The understanding that this war could no longer end in victory led many army members to a shift in direction, and to act in a manner that violated their oath as soldiers loyal to Germany and to Adolf Hitler, and this at a time when such an oath was a most serious commitment. At the focus of the plot to carry out the planned attack and overthrow were Ludwig Beck, a former general (who resigned from his job as Chief of Staff even before the outbreak of the war due to his opposition to its goals), Karl Friedrich Goerdeler, former mayor of Leipzig who was a liberal-conservative politician, General Friedrich Olbricht, Colonel Baron Claus Graf Schenck von Stauffenberg, and General Henning von Tresckow. The name of the overthrow plan was Operation Walküre.

Israeli study about the 20 Movement by Dani Urbach, 2009

Following a number of failed attempts to conceal a bomb near Hitler, an additional effort was made on July 20, 1944. A large discussion was scheduled for this day to evaluate the military situation in one of Hitler’s command centers in East Prussia. Baron Claus Graf Schenck von Stauffenberg was invited to the discussion, and he brought with him a bomb that had been hidden in a briefcase. Due to his serious injury from the war, von Stauffenberg had only one hand, and so he did not manage to properly activate the mechanism to detonate the bomb. Moreover, one of the men present at the discussion moved the briefcase, thus distancing it from Hitler. The explosion killed four people and critically injured seven more, but Hitler was only slightly injured and left the meeting room alive and in one piece. Announcements regarding the attack spread quickly across Germany, and mainly the news that the “Führer” had escaped the attack unharmed. The entire plan thus failed, since some of the officers who had not been totally convinced of supporting the overthrow repented immediately upon receiving the news that Hitler was still alive. Already the evening of that same day, a number of officers were executed in Berlin, including Ludwig Beck and von Stauffenberg, and others were arrested and interrogated by the SS and the Gestapo. Showcase trials were held, conducted by the fanatic Judge Roland Freisler. Over 200 people were executed, many of them even in the last weeks of the Third Reich, including almost 50 senior officers of the highest ranks, diplomats, politicians and others. The assassination attempt received wide attention within and outside of Germany, and was one of the signs signaling the end of the battle of the Nazi dictatorship.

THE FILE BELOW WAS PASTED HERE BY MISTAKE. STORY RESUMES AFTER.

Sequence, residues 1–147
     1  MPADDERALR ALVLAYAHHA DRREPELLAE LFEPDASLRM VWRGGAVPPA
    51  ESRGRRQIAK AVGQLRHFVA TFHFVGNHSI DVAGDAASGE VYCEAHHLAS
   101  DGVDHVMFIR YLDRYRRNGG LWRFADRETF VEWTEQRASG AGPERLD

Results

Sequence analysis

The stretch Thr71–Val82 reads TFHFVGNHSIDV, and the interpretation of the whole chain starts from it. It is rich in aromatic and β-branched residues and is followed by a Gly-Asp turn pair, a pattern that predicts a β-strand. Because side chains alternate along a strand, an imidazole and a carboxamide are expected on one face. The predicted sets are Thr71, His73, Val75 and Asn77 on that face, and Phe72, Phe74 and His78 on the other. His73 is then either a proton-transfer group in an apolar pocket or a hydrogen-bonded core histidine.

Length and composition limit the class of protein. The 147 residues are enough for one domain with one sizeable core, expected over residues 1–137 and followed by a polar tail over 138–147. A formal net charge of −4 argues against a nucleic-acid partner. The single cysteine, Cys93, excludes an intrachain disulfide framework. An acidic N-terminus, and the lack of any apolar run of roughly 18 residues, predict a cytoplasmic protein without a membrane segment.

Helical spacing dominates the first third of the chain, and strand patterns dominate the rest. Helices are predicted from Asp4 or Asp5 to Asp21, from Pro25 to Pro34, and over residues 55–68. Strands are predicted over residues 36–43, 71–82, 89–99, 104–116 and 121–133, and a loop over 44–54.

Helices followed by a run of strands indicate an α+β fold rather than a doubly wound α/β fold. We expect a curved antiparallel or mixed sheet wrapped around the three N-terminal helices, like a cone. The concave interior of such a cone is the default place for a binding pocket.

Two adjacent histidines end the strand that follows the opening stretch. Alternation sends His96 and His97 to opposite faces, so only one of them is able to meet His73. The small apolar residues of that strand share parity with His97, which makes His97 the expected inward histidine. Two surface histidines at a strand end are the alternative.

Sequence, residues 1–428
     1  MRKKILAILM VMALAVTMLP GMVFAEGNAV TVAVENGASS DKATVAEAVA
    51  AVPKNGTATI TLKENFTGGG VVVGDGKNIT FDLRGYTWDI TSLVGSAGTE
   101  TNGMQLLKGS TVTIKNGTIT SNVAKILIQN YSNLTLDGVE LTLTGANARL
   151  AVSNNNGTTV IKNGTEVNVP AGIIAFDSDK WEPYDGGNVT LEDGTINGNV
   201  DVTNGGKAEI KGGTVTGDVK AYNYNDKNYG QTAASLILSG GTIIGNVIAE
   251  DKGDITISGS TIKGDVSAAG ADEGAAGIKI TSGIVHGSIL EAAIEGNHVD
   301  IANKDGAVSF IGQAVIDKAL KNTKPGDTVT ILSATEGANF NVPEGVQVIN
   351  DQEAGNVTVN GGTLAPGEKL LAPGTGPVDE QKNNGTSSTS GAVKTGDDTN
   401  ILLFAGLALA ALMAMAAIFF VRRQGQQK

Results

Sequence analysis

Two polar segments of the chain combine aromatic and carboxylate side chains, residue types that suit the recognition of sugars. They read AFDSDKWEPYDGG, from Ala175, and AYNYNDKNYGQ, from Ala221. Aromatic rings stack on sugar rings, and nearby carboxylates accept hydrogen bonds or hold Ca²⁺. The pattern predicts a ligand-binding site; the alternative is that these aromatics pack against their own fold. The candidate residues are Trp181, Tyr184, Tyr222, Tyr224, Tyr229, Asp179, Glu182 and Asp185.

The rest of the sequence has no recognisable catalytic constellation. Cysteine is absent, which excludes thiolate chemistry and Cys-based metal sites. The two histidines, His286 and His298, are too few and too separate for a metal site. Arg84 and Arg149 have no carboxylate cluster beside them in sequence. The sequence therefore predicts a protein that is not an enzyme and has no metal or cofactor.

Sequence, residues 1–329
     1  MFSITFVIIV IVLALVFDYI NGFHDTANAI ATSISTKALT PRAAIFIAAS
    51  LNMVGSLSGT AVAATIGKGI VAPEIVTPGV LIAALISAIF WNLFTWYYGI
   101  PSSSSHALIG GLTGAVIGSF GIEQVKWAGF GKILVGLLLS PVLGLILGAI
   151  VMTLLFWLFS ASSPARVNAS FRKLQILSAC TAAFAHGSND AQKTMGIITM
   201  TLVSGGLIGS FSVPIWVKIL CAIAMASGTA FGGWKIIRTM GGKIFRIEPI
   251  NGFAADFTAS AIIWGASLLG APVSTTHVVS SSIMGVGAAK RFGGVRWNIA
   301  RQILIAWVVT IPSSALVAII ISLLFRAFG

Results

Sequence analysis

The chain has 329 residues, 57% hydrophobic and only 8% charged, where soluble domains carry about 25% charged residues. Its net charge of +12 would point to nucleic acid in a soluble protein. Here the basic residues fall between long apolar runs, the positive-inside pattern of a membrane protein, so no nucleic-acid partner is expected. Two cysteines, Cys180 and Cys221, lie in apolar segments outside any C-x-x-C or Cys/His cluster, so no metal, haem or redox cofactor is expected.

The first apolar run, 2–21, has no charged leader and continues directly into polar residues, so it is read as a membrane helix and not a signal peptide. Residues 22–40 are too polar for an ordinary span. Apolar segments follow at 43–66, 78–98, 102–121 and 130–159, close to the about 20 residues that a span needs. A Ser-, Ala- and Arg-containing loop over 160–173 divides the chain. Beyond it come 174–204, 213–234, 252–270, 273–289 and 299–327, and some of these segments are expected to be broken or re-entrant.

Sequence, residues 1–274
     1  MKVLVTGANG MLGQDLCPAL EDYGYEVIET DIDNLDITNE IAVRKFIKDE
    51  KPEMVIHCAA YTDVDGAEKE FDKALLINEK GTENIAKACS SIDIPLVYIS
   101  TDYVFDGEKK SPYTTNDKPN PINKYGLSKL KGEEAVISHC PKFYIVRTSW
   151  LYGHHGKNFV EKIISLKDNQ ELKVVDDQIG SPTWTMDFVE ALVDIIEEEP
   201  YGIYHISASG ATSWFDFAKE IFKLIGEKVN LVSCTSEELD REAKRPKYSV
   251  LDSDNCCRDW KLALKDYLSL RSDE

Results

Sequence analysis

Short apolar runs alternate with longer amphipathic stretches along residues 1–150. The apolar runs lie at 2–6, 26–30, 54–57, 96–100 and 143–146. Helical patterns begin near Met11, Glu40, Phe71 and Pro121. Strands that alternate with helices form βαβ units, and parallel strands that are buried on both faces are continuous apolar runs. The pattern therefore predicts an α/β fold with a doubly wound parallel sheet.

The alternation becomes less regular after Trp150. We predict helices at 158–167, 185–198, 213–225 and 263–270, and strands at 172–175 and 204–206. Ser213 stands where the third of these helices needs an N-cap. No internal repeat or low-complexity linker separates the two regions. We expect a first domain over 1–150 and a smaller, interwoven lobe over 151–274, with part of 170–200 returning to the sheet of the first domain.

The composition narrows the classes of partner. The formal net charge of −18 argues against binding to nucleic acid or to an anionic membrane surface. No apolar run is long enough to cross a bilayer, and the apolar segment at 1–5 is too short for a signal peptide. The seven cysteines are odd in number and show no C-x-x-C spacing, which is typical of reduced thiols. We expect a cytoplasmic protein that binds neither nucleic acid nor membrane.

Article on the assassination attempt in the Davar newspaper, July 23, 1944

Immediately after the end of the war, public discussion regarding the significance of the attempted overthrow, the civil duty to act against a tyrannical regime, and the question of whether the officers were traitors or heroes, was renewed. The few among them who survived the interrogation, torture and trials worked to spread their version of the events, both orally and in writing. One example is the pamphlet of former Colonel Wolfgang Müller, in which already in 1947 he describes his experiences prior to July 20, 1944, and afterwards. Müller tried to operate against a recurring phenomenon (which came into existence already after WWI), of conservative forces blaming the defeat on those who opposed the regime and the war. The title of his composition was: “Against A New Lie of ‘Backstabbing’.” A further example is the composition of Karl Strölin, Mayor of Stuttgart during the entire Nazi period, and also a member of the Nazi Party, who, towards the end, was able to see Germany’s dire situation and participated in the overthrow attempt, but did so carefully, remaining in the margins of the organizing activity. He titled his composition “Traitors or Patriots”? In recent decades, many studies have been conducted in different languages about the opposition, the various groups it comprised, and mainly, the people of July 20, 1944. Today, there is no longer any discussion regarding the question of whether these people were “traitors” or heroes, but it is still asked why so few people objected to the regime, and why many of them waited until the moment it became clear that the Nazi government was poised at the brink of the abyss and the war was already a lost cause.


Comments for this article

Loading more article loading_anomation